Consistent with its ongoing employment tax enforcement efforts, the Justice Department recently announced developments in two cases involving the failure to properly withhold and remit federal employment taxes from employee wages.

On April 25, the Justice Department announced that Kae Wook Lee, the sole owner and CEO of Mona Lisa 7 Corporation, was sentenced to twelve months and one day in prison for failing to collect and remit federal employment taxes related to his operation of a karaoke bar in Queens, New York.  The Justice Department’s press release states that Lee manipulated receipts from operations and paid employees in cash without collecting, accounting for, or remitting employment taxes to the IRS.  The press release also states that he concealed the cash payroll from his accountant and executed false tax returns underreporting wages and the amount of employment taxes owed.  In addition to the prison sentence, Lee was ordered to serve two years of supervised release and pay $612,500 in restitution.

On April 30, the Justice Department announced that the owner of a Greenville, Ohio glass company pled guilty to failing to truthfully account for and pay over federal employment taxes.  The announcement explains that Gail Cooper owned Greenville Architectural Glass LLC from 2007 through 2015.  In addition to various individual federal income tax failures for the years 2008 through 2014, Cooper caused her company to withhold from the wages of employees without remitting the withheld taxes to the IRS.  She also failed to file employment tax returns from the first quarter of 2013 through the second quarter of 2015.  Cooper admitted to causing a cumulative financial loss to the government exceeding $500,000, which she agreed to repay in restitution.  Cooper will be sentenced in August and faces up to five years in prison and a $250,000 fine in addition to the agreed upon restitution.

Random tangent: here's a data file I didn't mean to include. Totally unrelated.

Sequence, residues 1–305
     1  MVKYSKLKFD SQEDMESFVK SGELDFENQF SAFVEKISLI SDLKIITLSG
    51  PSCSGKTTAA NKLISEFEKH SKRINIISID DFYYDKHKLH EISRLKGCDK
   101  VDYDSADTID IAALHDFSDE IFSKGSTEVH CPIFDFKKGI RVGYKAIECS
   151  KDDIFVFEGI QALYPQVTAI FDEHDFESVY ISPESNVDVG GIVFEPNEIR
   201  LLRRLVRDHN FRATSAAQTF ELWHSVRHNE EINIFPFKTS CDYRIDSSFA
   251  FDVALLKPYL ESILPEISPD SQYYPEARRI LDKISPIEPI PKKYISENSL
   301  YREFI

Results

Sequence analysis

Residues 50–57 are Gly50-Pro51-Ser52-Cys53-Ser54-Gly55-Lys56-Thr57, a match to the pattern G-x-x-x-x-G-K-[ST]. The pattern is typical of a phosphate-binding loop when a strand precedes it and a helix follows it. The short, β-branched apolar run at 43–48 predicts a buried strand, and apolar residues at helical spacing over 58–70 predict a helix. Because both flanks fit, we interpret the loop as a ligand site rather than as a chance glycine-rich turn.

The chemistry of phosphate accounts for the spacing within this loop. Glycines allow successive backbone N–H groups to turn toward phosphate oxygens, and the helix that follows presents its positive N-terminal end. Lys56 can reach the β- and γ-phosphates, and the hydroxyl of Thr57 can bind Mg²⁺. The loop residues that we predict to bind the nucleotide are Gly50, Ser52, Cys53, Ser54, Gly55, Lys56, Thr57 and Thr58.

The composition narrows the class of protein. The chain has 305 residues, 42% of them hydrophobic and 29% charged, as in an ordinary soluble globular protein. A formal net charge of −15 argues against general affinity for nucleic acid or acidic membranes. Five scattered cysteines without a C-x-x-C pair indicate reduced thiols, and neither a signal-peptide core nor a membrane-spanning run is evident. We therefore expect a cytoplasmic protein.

Photo of Michael M. Lloyd Michael M. Lloyd

Michael Lloyd practices in the areas of tax and employee benefits with a focus on information reporting and withholding on cross-border payments (e.g., Forms 1042 and 1042-S) and Foreign Account Tax Compliance Act (FATCA), backup withholding, employment taxation, the treatment of fringe benefits…

Michael Lloyd practices in the areas of tax and employee benefits with a focus on information reporting and withholding on cross-border payments (e.g., Forms 1042 and 1042-S) and Foreign Account Tax Compliance Act (FATCA), backup withholding, employment taxation, the treatment of fringe benefits, cross-border compensation, domestic information reporting (e.g., Forms W-2, 1099, 1095 series returns), penalty abatement, and general tax planning and controversy matters. Mr. Lloyd advises large U.S. and foreign multinationals regarding compliance with information reporting and withholding issues, as well as a range of other federal and state tax issues.

Photo of S. Michael Chittenden S. Michael Chittenden

Michael Chittenden practices in the areas of tax and employee benefits with a focus on the Foreign Account Tax Compliance Act (FATCA), information reporting (e.g., Forms 1095, 1096, 1098, 1099, W-2, 1042, and 1042-S) and withholding, payroll taxes, and fringe benefits. Mr. Chittenden…

Michael Chittenden practices in the areas of tax and employee benefits with a focus on the Foreign Account Tax Compliance Act (FATCA), information reporting (e.g., Forms 1095, 1096, 1098, 1099, W-2, 1042, and 1042-S) and withholding, payroll taxes, and fringe benefits. Mr. Chittenden advises companies on their obligations under FATCA and assists in the development of comprehensive FATCA and Chapter 3 (nonresident alien reporting and withholding) compliance programs.

Mr. Chittenden advises large employers on their employment tax obligations, including the special FICA and FUTA rules for nonqualified deferred compensation, the successor employer rules, the voluntary correction of employment tax mistakes, and the abatement of late deposit and information reporting penalties. In addition, he has also advised large insurance companies and employers on the Affordable Care Act reporting requirements in Sections 6055 and 6056, and advised clients on the application of section 6050W (Form 1099-K reporting), including its application to third-party payment networks.

Mr. Chittenden counsels clients on mobile workforce issues including state income tax withholding for mobile employees and expatriate and inpatriate taxation and reporting.

Mr. Chittenden is a frequent commentator on information withholding, payroll taxes, and fringe benefits and regularly gives presentations on the compliance burdens for companies.